APTMA Seeks Urgent Implementation of 9 Cent Energy Tariff For Industrial Sector

Further to the government and SIFC’s announcement to remove the cross-subsidy from power tariffs for industrial consumers, thereby bringing them down to 9 cents/kWh, at par with regional competitors, the All Pakistan Textile Mills Association (APTMA) has made an urgent appeal for quick implementation of this measure.

In a press release, APTMA said this is an essential structural reform that is crucial for Pakistan to regain competitiveness in international markets by making fundamental corrections to the cost structures of energy-intensive sectors.

The statement said that power tariffs of 9 cents/kWh will not only reverse the declining power consumption of industrial consumers but also increase power consumption such that any power sector revenue losses from a price reduction will be more than offset by a positive volumetric effect. Moreover, it will help control the build-up of circular debt that continues to grow despite a significant increase in energy prices over the past year.

It further said that it must be noted that the implications of the current tariff regime extend beyond any specific industry or sector, affecting employment, industrial growth, and the overall economic stability of the country. Inflated energy costs have forced thousands of firms to scale back production, leading to job losses and reduced economic activity. Pakistan is rapidly deindustrializing, as evidenced by the decline in power generation and consumption over the last few months, especially that of large industrial consumers.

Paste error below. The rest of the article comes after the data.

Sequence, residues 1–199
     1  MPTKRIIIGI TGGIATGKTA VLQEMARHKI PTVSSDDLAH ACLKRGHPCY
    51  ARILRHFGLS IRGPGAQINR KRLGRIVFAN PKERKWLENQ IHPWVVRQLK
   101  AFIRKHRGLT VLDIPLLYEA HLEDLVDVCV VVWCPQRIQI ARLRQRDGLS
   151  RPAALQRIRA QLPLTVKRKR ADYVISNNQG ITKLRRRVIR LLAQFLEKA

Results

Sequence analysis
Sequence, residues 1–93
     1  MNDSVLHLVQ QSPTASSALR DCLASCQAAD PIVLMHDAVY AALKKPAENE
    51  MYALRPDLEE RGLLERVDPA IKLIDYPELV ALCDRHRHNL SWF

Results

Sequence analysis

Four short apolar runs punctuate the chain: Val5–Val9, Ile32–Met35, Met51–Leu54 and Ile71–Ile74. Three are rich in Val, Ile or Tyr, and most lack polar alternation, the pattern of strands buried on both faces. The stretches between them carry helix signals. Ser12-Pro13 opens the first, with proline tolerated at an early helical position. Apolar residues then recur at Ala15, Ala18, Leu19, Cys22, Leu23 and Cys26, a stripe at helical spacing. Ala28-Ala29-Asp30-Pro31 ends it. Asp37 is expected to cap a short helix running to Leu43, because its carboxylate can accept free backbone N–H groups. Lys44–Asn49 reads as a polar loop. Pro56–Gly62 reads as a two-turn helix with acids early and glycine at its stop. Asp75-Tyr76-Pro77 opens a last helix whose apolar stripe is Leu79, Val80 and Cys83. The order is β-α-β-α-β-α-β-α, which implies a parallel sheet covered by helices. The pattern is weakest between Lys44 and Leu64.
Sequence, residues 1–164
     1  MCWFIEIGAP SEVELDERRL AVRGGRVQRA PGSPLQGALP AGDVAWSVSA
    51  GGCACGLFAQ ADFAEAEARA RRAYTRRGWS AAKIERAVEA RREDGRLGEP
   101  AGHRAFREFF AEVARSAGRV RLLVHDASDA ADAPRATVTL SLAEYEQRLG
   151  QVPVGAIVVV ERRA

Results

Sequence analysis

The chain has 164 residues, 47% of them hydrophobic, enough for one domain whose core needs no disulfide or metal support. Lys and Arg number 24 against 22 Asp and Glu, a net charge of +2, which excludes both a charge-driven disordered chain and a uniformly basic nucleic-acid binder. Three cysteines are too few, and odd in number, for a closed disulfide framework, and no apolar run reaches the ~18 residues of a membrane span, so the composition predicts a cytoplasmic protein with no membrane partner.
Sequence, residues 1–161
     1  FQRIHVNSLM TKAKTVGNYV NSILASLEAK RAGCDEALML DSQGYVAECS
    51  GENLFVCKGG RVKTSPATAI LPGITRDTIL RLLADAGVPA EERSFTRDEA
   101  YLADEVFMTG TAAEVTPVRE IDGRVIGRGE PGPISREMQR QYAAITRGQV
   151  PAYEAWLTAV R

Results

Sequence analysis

The country is stuck in a vicious cycle of increasing power tariffs causing consumption to decline, which again causes power tariffs to increase, and so on. This is a situation that Pakistan, with its large and young population and vast economic challenges, cannot afford, it added.

It highlighted that over the next 5 years, Pakistan’s gross external financing requirements are projected at over $25 billion annually. In simple terms, this is foreign exchange that we need to pay for our imports and to service our debt, but money that we—as a country—do not have. The only way to meet this financing gap is by either falling further into the debt trap or by increasing our exports.

A reduction to 9 cents/kWh is not just about restoring industrial competitiveness; it is about reigniting the engine of our economy. Such a move would bolster exports across sectors and stimulate a range of associated industries and services, leading to job creation, increased foreign exchange earnings, and broader economic stability, ATPMA said.

ATPMA said the global economy is fiercely competitive, and to thrive, Pakistan must offer an environment conducive to business growth. Rationalized energy costs are a critical component of this environment. APTMA stands ready to work with the government and other stakeholders to ensure the long-term success of the Pakistani economy.

APTMA urged the government to implement its plan of rectifying power tariffs for industrial consumers with utmost urgency.

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